Ed Erwin's Reviews > The Deep Sea Diver's Syndrome

The Deep Sea Diver's Syndrome by Serge Brussolo
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bookshelves: sf, sf-francaise

About 10 years ago I started reading SF books in French to help improve my language skills. It is more fun for me to read modern books in SF than to try to read the classics, and the language is much closer to what is currently spoken as well. (Though SF, and especially fantasy, often has many made-up words.)

Along the way I've discovered some really interesting writers, most of whose works have never been translated to English. Serge Brussolo is not one of my favorites, yet his work is consistently interesting and strange. I already had a copy of this in French, but when it came out in English I decided to go for the simple route and read it that way.

Brussolo is a *very* prolific author in multiple genres, so it is puzzling why this book in particular would be the first to get a translation. His works have a dream-like logic, sometimes tending towards nightmares, but also mix in other genres. This is no exception, with half of the story taking place in dreams. The main character is an artist who dives into dreams and brings back 'ectoplasms' which are then sold as art. (Thus even the real-world part of the story has a dream-like logic.) Inside the dream world, the story plays out like a detective story, because the character happens to like detective stories. These sorts of genre shifts are common in Brussolo.

One problem I've had with Brussolo before is that he sometimes seems to just put one new idea after another without much thought to structure or to developing individual ideas further. That is a bit of a problem here, with some interesting ideas left undeveloped, but the overall structure of this book does make sense.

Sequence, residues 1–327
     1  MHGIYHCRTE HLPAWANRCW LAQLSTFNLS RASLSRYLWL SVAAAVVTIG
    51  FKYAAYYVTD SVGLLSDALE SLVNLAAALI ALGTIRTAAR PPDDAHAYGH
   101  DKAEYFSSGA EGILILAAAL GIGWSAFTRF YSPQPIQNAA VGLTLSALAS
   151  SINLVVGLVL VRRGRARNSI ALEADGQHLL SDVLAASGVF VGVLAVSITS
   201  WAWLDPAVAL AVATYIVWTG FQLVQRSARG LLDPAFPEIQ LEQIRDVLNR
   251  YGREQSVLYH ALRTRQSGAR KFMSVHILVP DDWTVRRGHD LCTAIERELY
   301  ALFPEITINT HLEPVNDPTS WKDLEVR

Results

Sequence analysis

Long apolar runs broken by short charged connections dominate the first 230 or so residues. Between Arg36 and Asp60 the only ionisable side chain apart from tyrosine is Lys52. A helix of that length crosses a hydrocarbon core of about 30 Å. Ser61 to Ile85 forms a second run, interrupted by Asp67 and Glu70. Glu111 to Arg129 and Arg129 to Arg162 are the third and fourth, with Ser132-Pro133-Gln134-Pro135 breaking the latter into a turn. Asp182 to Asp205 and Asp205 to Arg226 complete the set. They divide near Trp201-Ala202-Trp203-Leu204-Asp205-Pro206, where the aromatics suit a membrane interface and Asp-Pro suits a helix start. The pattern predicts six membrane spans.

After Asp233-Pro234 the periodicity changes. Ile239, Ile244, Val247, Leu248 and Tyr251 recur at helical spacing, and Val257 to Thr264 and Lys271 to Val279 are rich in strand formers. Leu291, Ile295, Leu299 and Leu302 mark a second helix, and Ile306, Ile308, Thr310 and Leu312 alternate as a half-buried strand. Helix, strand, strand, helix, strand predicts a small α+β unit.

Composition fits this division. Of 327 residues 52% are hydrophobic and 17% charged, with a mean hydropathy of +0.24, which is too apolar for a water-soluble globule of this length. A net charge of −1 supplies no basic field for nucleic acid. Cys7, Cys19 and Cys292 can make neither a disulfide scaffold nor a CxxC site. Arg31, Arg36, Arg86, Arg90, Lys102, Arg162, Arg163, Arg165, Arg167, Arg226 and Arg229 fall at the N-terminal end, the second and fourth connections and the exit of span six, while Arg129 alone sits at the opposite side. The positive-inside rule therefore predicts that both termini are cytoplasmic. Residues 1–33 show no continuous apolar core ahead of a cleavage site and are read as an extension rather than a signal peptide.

The biggest discovery for me in this work is the translator Edward Gauvin. Without realizing it, I had already read and enjoyed five or six books that he has translated, including Aama, Vol. 1: The Smell of Warm Dust, Last Days of an Immortal, A Game for Swallows: To Die, to Leave, to Return, Best of Enemies: A History of US and Middle East Relations, Part One: 1783-1953, A Life on Paper: Selected Stories. He seems to have similar tastes to me, and his translations are clear, so I'll be looking for more of his translations.

One note on the title: the translation "The Deep Sea Diver's Syndrome" is accurate, but I think it would also be accurate to translate it as "Locked-In Syndrome". I found one (but only one) online dictionary that supports my translation, so I guess this is an uncommon phrase. The French word "scaphandrier" is related to "scaphandre" or "diving bell". That immediately brings to mind The Diving Bell and the Butterfly in which the main character's condition is compared to being in a diving bell. The main character in this book also spends some time in a similar locked-in condition, alive and awake in a bed, but unable to move or communicate.
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Reading Progress

December 19, 2016 – Started Reading
December 19, 2016 – Shelved
December 19, 2016 – Shelved as: sf
December 22, 2016 – Finished Reading
December 27, 2016 – Shelved as: sf-francaise

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